Skip to main content

Amy Ryan Was Amazed How Netflix's Worth Tackled A Unique Facet Of 9/11 History

Amy Ryan listens patiently with Michael Keaton in the background in Worth.

Netflix’s original film Worth tells a 9/11 story that most Americans might not know too much about. Focusing on the formation of the September 11th Victim Compensation Fund, and the in and outs of the process to get it instituted, Michael Keaton and Amy Ryan deliver two of the pivotal performances that make up the heart of this film. It’s an aspect of 9/11 that viewers might be surprised to learn about, and even Ms. Ryan herself was amazed by how director Sara Colangelo’s film tackled this unique facet of history.

On behalf of the release of Worth onto Netflix’s streaming library, I was given the opportunity to speak with Amy Ryan, who plays attorney Camille Biros in the film. Alongside attorney Kenneth Feinberg (Michael Keaton), who served as special master to the September 11th Victim Compensation Fund, Biros heard claims from families who had lost loved ones in the devastating terrorist attack. It was that aspect of Worth that helped hook Ryan into her role, as well as the story of writer Max Borenstein’s script:

I didn’t know about it either, in terms of, like, 9/11 happens, and a few days afterwards this commission is being put into place. And I’m struck with people who can actually go to work and function in those days soon after. I was really taken by that, with Ken and Camille’s task at hand. It seems very dry on paper, like ‘It’s a movie about some people figuring out what people are worth? Oh my gosh. How do you make that into moving pictures?’ But as we also follow Michael’s character who has to learn how to take it all, the math sheets and the grid, and make the human connection as Ken and Camille did.

Based on Kenneth Feinberg’s memoir, What Is Life Worth, the film audiences will see in front of them doesn’t focus on the tragedy of September 11th itself. Rather than revisit the events, which have been chronicled in various other documentaries and historical dramas like United 93 or Oliver Stone’s World Trade Center, Worth chooses to tell the story of the immediate aftermath. As families tried to figure out how they were going to live without those they’d lost, Feinberg, Camille Biros and the rest of their legal team were trying to work out a settlement that was supposed to stave off a financial apocalypse.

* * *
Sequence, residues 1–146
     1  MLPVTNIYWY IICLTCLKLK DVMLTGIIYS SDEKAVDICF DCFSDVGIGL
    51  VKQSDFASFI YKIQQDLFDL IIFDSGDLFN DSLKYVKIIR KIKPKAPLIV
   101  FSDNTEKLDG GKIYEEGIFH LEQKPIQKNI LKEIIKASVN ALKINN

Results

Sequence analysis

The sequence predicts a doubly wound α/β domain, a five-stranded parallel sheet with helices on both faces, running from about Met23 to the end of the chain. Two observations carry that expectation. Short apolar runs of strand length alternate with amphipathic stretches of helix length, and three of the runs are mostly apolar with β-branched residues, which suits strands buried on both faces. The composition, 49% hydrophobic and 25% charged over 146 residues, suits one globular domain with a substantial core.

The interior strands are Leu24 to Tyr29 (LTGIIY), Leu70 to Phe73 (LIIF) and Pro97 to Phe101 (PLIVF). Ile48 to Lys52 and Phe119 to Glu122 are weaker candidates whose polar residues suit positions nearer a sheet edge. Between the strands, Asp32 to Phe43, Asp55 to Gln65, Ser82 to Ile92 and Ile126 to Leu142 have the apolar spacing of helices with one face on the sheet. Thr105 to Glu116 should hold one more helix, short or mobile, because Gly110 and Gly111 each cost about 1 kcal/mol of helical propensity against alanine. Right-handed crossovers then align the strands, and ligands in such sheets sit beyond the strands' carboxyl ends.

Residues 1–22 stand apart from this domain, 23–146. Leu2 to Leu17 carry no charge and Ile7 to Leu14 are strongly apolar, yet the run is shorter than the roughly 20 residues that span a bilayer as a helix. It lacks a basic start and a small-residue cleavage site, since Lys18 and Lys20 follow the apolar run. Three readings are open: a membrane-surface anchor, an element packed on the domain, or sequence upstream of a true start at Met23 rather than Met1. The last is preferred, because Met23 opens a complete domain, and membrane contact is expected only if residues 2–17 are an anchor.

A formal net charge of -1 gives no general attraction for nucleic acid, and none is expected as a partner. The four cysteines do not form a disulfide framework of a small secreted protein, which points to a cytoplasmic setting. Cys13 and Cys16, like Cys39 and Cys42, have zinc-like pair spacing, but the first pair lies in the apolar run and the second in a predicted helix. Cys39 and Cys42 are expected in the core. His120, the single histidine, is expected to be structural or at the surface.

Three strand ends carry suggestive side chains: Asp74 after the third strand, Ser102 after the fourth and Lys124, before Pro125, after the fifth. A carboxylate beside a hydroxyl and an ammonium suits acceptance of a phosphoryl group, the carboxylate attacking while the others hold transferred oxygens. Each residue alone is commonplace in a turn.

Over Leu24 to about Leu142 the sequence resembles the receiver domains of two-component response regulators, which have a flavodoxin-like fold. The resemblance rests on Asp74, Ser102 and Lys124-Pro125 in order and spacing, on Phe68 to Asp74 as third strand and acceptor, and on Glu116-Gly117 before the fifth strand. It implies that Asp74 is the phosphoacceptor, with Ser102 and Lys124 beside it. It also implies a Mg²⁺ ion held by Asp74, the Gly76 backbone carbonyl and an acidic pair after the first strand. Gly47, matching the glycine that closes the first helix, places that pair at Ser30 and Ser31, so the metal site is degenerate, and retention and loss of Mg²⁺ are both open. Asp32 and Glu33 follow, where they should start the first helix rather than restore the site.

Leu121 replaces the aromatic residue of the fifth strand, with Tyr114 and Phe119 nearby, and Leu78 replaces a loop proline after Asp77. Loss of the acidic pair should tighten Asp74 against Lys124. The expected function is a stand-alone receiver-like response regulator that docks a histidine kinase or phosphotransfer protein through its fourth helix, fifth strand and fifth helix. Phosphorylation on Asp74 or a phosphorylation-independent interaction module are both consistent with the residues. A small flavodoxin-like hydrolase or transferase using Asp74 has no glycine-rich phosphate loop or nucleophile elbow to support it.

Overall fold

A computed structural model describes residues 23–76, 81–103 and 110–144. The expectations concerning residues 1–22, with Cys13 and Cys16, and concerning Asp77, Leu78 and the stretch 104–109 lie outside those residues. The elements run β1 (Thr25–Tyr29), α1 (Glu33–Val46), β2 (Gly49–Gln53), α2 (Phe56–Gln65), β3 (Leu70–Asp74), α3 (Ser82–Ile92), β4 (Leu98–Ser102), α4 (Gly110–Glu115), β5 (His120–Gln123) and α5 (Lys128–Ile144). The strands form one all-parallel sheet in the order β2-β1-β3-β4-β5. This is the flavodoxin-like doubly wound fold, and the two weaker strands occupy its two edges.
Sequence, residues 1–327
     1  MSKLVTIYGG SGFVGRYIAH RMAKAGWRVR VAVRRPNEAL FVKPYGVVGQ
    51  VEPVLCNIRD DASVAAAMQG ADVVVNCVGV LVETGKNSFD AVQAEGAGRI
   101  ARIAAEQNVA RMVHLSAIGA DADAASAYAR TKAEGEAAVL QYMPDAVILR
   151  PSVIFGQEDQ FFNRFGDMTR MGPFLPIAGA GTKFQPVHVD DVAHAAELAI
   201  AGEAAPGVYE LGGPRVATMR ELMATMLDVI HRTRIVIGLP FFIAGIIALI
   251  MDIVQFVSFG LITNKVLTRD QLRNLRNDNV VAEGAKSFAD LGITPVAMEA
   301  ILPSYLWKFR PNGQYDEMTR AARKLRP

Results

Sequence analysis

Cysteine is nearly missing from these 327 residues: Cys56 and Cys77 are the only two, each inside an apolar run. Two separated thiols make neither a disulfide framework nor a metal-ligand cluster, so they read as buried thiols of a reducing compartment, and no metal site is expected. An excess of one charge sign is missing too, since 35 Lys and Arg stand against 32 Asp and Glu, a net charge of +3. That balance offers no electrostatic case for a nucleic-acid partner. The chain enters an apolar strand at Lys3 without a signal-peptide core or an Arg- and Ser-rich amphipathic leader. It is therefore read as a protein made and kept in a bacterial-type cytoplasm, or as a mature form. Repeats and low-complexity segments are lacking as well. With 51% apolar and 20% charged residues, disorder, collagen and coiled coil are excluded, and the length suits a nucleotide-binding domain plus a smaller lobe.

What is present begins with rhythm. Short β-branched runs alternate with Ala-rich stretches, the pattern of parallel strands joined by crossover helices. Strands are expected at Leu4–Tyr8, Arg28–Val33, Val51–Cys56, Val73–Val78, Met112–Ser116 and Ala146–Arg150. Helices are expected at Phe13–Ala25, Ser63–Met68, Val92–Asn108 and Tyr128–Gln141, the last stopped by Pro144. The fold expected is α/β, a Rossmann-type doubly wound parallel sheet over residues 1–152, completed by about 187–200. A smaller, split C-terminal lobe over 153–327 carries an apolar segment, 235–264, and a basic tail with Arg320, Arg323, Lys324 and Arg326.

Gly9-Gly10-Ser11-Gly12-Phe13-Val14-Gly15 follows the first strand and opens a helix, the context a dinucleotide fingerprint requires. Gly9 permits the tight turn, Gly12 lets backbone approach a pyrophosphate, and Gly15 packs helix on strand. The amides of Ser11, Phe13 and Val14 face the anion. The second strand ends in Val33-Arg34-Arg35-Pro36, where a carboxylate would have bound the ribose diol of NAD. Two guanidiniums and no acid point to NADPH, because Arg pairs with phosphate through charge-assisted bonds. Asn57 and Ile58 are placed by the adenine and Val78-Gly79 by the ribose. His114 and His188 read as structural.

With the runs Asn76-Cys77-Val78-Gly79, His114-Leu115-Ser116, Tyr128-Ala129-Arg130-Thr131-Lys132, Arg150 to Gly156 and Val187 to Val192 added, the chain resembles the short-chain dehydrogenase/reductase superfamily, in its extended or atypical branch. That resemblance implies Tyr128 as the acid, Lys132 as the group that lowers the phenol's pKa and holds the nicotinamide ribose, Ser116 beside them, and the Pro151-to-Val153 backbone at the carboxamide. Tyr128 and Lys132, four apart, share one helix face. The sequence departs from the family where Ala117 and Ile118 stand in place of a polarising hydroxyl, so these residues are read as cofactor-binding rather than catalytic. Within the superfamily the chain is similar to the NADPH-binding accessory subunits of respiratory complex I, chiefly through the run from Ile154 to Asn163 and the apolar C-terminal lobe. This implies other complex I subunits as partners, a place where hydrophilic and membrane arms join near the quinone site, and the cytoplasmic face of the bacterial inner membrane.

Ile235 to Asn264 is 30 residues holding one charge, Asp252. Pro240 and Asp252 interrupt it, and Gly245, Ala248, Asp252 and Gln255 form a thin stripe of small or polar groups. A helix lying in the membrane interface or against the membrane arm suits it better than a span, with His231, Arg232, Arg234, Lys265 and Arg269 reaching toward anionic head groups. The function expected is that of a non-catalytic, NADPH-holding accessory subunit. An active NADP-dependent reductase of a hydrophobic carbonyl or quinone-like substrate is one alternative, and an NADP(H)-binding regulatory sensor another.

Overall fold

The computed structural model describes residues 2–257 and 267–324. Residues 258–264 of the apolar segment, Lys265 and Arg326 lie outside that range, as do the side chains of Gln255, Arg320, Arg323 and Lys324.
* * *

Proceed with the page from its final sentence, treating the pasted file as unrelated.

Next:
Those two concepts don’t seem like they’d make for an emotional drama on paper. Much like we see Michael Keaton and Amy Ryan bridge the gap between what makes legal sense and what makes human sense, Worth is both a study in law and a portrait of humanity. And ultimately, as Ryan described it, the film is also a snapshot of a time when everyone came together in the face of adversity:

Sitting with every victim’s family, every claimant, it made it a much more human process. It is moving, it’s a time when, also, the country came together, regardless of political background. Everyone came to New York to help out. I remember that, seeing tons of license plates on emergency vehicles from all over the country. It was so moving.

As audiences view Worth, hopefully they’ll be moved by the honest emotion and intense detail given to the September 11th Victim Compensation Fund’s creation. With the 20th anniversary already starting to be commemorated, Amy Ryan and her co-stars deliver a reminder of the very human processes that helped the nation heal in those early years after. A true story of compassion and justice, Worth is currently available on Netflix.

Mike Reyes

CinemaBlend's James Bond (expert). Also versed in Large Scale Aggressors, time travel, and Guillermo del Toro. He fights for The User.